Here are the details of the “family challenge,” as proposed by the Sweeneys. They have already made their pooled donation of $1,000 for the first year. So here’s the task for the foundation, to keep the Sweeneys writing more $1,000 checks:
--First year, find 24 additional families – actually, just 23, thanks to the Fichters – to pledge $1,000 per year for 10 years. At least a few other families who’ve heard about the challenge have already expressed an interest.
--Second year, find 25 more families, pledging the same.
--Third year, find 25 more families, pledging the same.
--Fourth year, find another 25 families, pledging the same.
So at the end of four years, the foundation would have 100 families that have pledged $1,000 per year for 10 years. By that point, their generous donation pattern would be established, and eventually, the “family challenge” will have produced the $1 million for the endowment.
Kristi Sweeney, the professor at the University of North Florida, who was designated by her parents as family spokesperson for this challenge, said she and her siblings were not surprised when their mom and dad contacted them about getting involved.
“Even though none of the three of us graduated from Shenandoah High, I think we all feel like we really grew up in our seven years there in the 1980s,” Kristi said. “When Dad got the job in Charles City and told us we were moving there, we all felt like we were leaving our hometown. I know I really felt that way. I can remember standing on the softball diamond in Shenandoah, as a seventh grader getting ready for a game, when Dad walked out and told me he’d taken the Charles City job and we were going to move there. My immediate response to him was, ‘Well, I’ll just live here.’ ”
Bob and Kathy Sweeney were high school classmates in Emmetsburg in northwest Iowa, graduating in 1969. They went on to Northwest Missouri State then-College in Maryville, Mo., where Bob played basketball and earned both his bachelor and master’s degrees. His first job, after college, was at the old Union Carbide battery plant in Red Oak. But he missed education and soon left to take a job teaching business and coaching baseball and basketball at Indianola.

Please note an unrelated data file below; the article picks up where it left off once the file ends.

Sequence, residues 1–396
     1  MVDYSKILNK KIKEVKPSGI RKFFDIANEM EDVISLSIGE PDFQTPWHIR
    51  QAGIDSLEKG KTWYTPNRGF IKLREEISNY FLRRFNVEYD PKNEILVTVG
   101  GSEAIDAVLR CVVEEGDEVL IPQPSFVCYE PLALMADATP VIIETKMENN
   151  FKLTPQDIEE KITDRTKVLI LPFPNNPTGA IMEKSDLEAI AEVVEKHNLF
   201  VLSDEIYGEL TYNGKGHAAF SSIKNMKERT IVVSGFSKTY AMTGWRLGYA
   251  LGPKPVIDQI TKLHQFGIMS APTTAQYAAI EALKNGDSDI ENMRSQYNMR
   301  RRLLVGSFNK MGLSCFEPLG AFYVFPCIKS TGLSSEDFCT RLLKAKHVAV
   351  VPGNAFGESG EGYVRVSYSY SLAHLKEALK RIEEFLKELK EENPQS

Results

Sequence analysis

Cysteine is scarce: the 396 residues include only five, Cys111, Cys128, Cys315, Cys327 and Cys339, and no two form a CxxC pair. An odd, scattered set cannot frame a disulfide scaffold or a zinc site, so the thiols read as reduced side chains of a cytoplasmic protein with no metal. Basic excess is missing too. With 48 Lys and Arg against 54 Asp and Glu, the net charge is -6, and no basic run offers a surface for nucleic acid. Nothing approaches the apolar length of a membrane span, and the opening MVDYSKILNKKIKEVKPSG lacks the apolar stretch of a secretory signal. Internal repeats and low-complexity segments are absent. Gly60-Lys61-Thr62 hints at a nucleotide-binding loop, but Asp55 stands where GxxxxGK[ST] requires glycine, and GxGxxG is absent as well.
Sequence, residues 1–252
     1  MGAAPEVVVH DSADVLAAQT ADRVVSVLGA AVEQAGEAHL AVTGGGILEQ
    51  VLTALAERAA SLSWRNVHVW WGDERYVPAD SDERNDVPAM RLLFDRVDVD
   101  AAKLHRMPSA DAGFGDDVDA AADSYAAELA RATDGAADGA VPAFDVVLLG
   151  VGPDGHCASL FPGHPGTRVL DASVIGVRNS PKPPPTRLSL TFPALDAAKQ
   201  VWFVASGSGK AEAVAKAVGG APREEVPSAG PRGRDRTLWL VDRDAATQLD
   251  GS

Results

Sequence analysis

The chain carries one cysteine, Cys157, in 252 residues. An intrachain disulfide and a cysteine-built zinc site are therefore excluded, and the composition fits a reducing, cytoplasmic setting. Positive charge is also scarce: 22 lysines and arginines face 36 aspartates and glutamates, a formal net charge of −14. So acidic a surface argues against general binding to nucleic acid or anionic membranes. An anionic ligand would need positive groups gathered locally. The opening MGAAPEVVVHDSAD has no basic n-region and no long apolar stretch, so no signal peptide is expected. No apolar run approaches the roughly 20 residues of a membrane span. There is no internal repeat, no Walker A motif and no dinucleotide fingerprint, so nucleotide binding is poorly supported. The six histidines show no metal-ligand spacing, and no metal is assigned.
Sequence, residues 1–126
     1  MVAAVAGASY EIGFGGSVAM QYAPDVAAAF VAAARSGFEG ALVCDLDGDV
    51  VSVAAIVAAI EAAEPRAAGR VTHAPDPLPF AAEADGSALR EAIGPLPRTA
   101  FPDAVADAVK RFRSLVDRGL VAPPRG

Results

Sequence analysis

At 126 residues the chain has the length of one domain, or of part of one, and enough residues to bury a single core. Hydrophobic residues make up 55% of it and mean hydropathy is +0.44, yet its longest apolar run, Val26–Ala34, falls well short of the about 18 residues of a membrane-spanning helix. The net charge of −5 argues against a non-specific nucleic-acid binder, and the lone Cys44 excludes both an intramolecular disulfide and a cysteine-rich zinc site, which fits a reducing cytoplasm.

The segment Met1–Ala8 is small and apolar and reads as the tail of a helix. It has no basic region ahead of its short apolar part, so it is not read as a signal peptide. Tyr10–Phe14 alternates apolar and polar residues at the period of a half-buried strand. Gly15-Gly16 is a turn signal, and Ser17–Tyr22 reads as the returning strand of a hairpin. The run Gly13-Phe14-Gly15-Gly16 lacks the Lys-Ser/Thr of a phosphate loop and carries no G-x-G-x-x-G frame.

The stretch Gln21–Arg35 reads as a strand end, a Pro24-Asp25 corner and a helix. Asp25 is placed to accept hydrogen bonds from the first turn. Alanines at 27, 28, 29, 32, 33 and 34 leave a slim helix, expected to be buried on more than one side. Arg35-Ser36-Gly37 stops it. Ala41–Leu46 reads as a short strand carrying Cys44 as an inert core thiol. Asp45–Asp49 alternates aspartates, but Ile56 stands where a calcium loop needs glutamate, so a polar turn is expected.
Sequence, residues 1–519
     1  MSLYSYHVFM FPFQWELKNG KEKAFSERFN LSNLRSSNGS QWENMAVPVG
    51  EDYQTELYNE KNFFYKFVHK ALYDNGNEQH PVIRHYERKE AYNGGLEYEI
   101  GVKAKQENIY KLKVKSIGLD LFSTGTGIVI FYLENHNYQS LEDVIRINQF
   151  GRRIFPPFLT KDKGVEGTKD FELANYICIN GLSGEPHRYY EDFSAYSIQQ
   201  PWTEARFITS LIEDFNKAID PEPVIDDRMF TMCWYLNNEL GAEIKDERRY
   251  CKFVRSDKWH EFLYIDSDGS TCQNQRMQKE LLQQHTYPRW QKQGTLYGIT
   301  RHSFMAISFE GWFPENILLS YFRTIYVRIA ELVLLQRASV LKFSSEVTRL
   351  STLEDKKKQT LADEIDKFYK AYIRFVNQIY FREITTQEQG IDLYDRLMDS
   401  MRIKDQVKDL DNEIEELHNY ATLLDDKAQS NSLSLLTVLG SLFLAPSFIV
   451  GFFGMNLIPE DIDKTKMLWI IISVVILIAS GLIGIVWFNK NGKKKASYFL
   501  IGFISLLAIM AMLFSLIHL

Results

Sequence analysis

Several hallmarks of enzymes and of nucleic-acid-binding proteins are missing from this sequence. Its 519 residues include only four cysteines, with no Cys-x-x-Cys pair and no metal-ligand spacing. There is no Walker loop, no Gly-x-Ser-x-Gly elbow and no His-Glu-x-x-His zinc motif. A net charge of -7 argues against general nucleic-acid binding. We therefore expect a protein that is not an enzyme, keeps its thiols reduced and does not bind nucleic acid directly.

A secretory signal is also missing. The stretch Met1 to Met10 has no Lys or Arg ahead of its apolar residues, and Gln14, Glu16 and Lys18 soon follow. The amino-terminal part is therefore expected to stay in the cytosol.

After his Shenandoah years, the family made the move to Charles City, where all three Sweeney children graduated; then to nearby Greene, where Bob was high school principal, and then to Atlantic where he was assistant principal and activities director from 1995 until he retired in 2008. In Atlantic, Kathy Sweeney went to work for Rolling Hills Bank, and is still working at that bank as an administrative assistant in the trust department.
“When you think of all those towns where our family has lived, they’re all places where life was really centered around the schools,” Kristi Sweeney said. “With that and having Dad working his whole career as an educator, I think all of us in the family have really valued education. We’ve all talked over the years about how much we’ve benefitted from teachers, schools and communities, and how we really need to give back. That’s what we’re doing now.”
Kristi said the family members have already been donors in smaller amounts to schools in their communities, and they plan to continue doing so.
“But when I look back, what I really remember most in my K-12 education, I think my favorite teachers were ones I had in Shenandoah,” she continued, and she rattled off several of their names.
And there were a whole lot of good times, too.
“With Dad being a business teacher, he taught us all how to type,” she said. “And always on Sundays, our schedule was church in the morning, then on to the school because Dad would supervise ‘Open Gym’ from noon to 4 p.m. We’d be in there shooting baskets, then when we’d get tired, we’d go into the typing room and have typing races. To this day, my students at North Florida are just amazed at how fast I can type.”
You can write the author of this story, Chuck Offenburger, a member of the board of the Shenandoah Iowa Education Foundation, by email at chuck@Offenburger.com.